Handcarved and Painted Bull Roarer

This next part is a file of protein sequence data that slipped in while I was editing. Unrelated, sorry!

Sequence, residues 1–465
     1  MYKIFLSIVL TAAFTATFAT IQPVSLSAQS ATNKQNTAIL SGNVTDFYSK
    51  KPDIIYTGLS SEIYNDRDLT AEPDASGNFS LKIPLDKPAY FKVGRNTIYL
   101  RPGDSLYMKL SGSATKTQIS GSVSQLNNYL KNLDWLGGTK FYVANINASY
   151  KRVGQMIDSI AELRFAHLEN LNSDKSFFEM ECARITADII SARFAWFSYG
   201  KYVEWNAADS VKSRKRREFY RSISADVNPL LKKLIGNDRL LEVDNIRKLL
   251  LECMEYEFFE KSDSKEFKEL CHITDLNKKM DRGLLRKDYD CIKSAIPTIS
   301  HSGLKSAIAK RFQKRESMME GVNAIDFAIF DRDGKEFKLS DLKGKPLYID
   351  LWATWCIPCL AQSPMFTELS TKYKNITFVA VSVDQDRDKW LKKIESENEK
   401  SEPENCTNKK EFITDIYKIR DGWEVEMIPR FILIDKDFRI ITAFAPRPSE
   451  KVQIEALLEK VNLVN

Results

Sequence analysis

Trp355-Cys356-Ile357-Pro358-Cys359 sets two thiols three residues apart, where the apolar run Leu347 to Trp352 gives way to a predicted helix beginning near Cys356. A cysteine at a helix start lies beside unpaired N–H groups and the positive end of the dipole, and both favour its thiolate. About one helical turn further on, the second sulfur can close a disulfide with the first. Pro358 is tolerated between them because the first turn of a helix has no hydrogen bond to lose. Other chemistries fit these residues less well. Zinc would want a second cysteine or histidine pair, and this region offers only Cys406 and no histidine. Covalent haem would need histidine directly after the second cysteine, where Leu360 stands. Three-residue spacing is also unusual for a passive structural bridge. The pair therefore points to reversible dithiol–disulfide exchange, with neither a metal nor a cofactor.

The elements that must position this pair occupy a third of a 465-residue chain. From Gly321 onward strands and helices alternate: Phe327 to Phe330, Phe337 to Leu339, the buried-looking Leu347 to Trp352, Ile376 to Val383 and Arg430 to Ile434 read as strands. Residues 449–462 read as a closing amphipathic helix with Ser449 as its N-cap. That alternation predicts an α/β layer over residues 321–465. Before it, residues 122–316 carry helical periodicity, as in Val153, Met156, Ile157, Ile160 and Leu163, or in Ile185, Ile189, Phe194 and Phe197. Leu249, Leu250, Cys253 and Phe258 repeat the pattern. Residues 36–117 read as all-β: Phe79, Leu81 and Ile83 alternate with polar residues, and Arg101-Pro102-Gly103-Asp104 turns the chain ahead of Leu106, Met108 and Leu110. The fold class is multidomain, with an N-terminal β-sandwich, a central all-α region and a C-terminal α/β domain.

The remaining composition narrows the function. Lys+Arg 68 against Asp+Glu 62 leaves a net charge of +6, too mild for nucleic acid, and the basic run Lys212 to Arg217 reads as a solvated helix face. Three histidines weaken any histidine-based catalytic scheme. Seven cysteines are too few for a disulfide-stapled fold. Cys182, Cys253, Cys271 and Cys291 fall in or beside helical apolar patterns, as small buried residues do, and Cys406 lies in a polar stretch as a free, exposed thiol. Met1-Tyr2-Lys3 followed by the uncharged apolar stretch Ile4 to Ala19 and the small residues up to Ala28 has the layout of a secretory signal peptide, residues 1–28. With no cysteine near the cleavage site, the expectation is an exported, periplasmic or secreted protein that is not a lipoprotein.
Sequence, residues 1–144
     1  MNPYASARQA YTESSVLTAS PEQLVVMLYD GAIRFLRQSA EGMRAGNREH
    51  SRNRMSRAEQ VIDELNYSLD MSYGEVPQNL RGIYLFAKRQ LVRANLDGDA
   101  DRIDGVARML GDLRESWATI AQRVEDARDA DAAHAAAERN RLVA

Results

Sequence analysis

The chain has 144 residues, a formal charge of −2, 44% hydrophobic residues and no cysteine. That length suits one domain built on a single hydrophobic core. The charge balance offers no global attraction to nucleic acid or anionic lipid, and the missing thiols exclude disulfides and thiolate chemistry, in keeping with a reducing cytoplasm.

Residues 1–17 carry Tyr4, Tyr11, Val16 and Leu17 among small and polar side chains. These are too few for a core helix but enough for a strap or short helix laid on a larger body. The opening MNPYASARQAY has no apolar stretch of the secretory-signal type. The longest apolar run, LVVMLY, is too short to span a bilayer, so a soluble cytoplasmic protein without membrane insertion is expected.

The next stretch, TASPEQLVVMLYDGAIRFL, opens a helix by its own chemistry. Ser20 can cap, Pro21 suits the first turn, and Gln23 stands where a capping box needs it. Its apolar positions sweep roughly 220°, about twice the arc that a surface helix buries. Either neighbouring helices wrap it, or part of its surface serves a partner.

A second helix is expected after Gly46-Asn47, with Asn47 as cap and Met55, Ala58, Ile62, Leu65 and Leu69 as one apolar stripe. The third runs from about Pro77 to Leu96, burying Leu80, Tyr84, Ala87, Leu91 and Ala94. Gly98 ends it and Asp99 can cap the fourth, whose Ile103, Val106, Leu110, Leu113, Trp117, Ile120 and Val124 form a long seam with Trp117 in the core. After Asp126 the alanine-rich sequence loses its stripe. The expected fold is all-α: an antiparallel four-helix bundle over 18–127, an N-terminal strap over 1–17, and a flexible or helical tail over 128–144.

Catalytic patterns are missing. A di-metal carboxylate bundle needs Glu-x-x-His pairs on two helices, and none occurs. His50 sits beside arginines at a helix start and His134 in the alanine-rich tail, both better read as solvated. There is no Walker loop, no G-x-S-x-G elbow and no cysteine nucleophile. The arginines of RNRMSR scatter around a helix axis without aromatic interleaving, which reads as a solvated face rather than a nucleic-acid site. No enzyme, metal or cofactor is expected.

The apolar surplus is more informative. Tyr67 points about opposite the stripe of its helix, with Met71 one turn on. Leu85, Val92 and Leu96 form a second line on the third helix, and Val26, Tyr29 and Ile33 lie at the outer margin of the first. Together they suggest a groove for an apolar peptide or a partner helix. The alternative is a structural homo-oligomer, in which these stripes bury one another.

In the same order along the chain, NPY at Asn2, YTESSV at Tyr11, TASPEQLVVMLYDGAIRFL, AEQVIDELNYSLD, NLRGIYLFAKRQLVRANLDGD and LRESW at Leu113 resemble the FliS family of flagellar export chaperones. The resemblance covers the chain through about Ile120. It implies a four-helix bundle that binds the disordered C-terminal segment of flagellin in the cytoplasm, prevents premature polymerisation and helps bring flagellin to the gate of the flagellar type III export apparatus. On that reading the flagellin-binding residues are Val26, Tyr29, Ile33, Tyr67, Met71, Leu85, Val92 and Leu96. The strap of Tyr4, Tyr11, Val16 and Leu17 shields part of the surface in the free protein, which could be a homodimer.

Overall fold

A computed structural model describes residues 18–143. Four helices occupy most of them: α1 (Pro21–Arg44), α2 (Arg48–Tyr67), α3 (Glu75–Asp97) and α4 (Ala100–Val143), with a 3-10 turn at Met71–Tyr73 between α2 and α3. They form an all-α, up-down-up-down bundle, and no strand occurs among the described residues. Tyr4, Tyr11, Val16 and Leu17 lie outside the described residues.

The bull roarer is an ancient design that has been used by different cultures from around the world. A bone churinga, or bullroarer, was found in Europe that seems to be 10,000 years old. Drawings and references to them can be found from ancient Greece, the Maori tribe of New Zealand, the Inuit, and aborigines of Australia. Many tribes of Native Americans used the bullroarer as a sacred instrument to invoke the spirits during rites of passage to manhood. The Apache, Blackfeet, Hopi, Athabaskan, Yokuts, Pomo, and Aztecs also used bull roarers for healing, for good fortune in hunts and a stimulus to growing crops. The Navajo called it the "groaning stick" (tsin di' ni) and used it to drive away evil spirits and illness.